The video for Robyn‘s truly magnificent track (possibly the best from Body Talk, vol.3) is a simple one-take video where we see the electro pop artiste writhe around in an empty gym singing to the camera. The video is interesting enough, but not the direction I would have thought the video for this great song would take. Robyn isn’t Catherine Zeta-Jones, nor is she that great of a dancer, but that’s exactly her appeal—she’s a nerdy, sometimes geeky club kid, with a big heart and an incredible knack for singing the most astute lyrics. Did you ever suspect you would hear a song about stealing someone’s boyfriend that was sympathetic to the one being dumped? But that’s what Robyn does best, take ordinary situations that have turned clichéd in the pop world, and flip them on their head. What do you think about the video?
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Swedish twee-poppers, Acid House Kings, have long been a favorite around these parts and their latest record, Music Sounds Better With You, is no exception. John Bergstrom praised the group in March for “streamlining their signature summery pop, focusing more on uptempo songs and a high energy level”. “Would You Stay Stop?” is the band’s latest single, as addictive and irresistible as anything they’ve ever recorded. Bergstrom said it best, “If some pop goes in-one-ear-and-out-the-other, these two tunes (“Would You Stay Stop?” and “Are We Lovers Or Are We Friends”) simply swirl around your head until you’re dizzy, then flutter away.” Today we present the online premiere of a brand-new Perfect Nines remix of that slice of perfect pop confection.
Piano pop maestro Gabe Dixon spent a decade fronting the Gabe Dixon Band, an ensemble that found enormous mainstream success, with the bulk of their 2008 release, The Gabe Dixon Band, getting various TV and film licensing deals. Of course, in the new economy of the music industry, that’s the real path to sustained profitability. Now Dixon is forging out on his own and his first solo album, One Spark, will be releasing via Concord Music this coming August 23rd (full tracklist and EPK video below). Marshall Altman (producer for Marc Broussard, Matt Nathanson and Kate Voegele) approached Dixon about working together and they trekked off to London (good idea) to work on new material with Iain Archer (ex-Snow Patrol), James Walsh (Starsailor) and Ricky Ross (ex-Deacon Blue).
Heading to Los Angeles, Dixon enlisted a new band of supporting players and aimed for a spontaneous spirit in the recording process. Dixon describes the process: “When we got down to recording, we’d listen to the last pass from rehearsals and then cut the song for the album. We didn’t have a chance to over-think anything. We recorded it as we felt it, and I think that gives the tracks an immediacy and a freshness I’ve never had on record before. It was great to step back and give a little rein to Marshall and the musicians, spread it around and just see what happens.”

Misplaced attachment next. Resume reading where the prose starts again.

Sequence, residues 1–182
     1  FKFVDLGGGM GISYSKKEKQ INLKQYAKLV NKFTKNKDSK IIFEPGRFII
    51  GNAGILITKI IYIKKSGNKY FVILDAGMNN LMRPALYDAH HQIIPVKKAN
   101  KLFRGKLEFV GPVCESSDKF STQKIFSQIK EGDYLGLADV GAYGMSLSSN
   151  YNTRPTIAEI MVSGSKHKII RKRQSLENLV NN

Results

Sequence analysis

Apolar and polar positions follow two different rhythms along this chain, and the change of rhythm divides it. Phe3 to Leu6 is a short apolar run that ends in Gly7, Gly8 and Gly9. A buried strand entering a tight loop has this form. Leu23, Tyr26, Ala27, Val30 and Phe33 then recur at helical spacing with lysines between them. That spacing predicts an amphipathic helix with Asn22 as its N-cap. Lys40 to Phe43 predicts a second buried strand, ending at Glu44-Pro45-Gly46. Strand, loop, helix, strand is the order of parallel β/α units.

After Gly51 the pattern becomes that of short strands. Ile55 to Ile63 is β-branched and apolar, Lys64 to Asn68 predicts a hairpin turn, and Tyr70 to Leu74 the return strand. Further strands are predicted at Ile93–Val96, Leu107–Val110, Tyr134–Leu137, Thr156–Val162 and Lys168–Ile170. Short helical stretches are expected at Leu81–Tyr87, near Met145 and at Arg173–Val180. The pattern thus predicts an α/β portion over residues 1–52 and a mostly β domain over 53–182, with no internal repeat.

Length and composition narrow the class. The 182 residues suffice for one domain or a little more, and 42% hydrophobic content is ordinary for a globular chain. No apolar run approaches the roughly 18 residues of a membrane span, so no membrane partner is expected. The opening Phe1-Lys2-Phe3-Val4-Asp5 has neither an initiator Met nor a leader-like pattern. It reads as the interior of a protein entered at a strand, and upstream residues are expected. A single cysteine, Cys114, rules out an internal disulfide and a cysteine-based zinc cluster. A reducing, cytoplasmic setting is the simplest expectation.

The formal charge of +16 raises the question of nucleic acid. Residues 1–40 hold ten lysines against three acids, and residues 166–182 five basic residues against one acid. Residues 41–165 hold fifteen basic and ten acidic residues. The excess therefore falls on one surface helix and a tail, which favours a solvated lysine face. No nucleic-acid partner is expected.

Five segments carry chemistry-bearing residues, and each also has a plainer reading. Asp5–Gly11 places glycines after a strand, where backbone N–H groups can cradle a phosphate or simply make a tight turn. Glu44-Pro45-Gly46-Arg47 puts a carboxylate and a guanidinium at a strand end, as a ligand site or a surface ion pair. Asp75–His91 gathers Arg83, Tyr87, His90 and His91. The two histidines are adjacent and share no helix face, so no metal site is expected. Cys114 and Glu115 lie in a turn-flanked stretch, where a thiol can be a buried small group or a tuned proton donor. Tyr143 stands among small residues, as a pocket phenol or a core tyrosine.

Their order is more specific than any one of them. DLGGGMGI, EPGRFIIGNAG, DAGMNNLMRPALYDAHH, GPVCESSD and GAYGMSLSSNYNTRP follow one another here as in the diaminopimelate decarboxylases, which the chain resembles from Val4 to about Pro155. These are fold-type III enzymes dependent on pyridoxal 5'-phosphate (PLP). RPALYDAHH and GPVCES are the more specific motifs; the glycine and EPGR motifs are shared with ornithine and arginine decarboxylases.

That fresh approach has yielded sparkling results as the single “My Favorite” illustrates. The tune is infectious and expansive, with the chorus lodging in your head and refusing to depart. Contemporary piano pop is made up of a lot more than Ben Folds and Gabe Dixon has staked his claim to the top of that mountain. Let the guessing begin… which TV show is going to pick up this tune first?
The new release from Hooray for Earth, True Loves, is out this week and Spin.com has a link to listen to the entire collection of songs. Spin deemed the band one of their “5 Best New Artists for March” and is very complimentary in the accompanying write up. I had already picked the title track for my summer playlist with its fuzzed out bumps and grinding beat intro, so it was fun to preview the whole thing. This four-piece synth-pop band from Boston is now based in New York City, ready to take things to the next level. And just in case you’re wondering, the group is named for a line in the Nickelodeon cartoon Invader Zim. Streaming widget after the jump…
Releasing: 25 July (UK), 26 July (US)
If music critics love three things, those things are name-dropping obscure bands, abusing adjectives, and post-punk. When reformed UK Goths the Horrors released their Chameleons-esque second album, Primary Colours in 2009, music critics filled a thesaurus entry for the words “haunting” and “drony”, as well as sentence after hyperbolic sentence praising the album’s many hues and layers. From the sounds of new song “Still Life”, critics will be hitting up thesaurus.com all over again come July 26, when third album Skying sees its release via XL. In the meantime, we can all enjoy the synths and, to an extent, Faris Badwan’s ever-improving singing voice with nary a descriptive in mind.
01 Changing the Rain
02 You Said
03 I Can See Through You
04 Endless Blue
05 Dive In
06 Still Life
07 Wild Eyed
08 Moving Further Away
09 Monica Gems
10 Oceans Burning
// Channel Surfing
"Another stand-alone episode, but there's still plenty to discuss in the Supernatural world.READ the article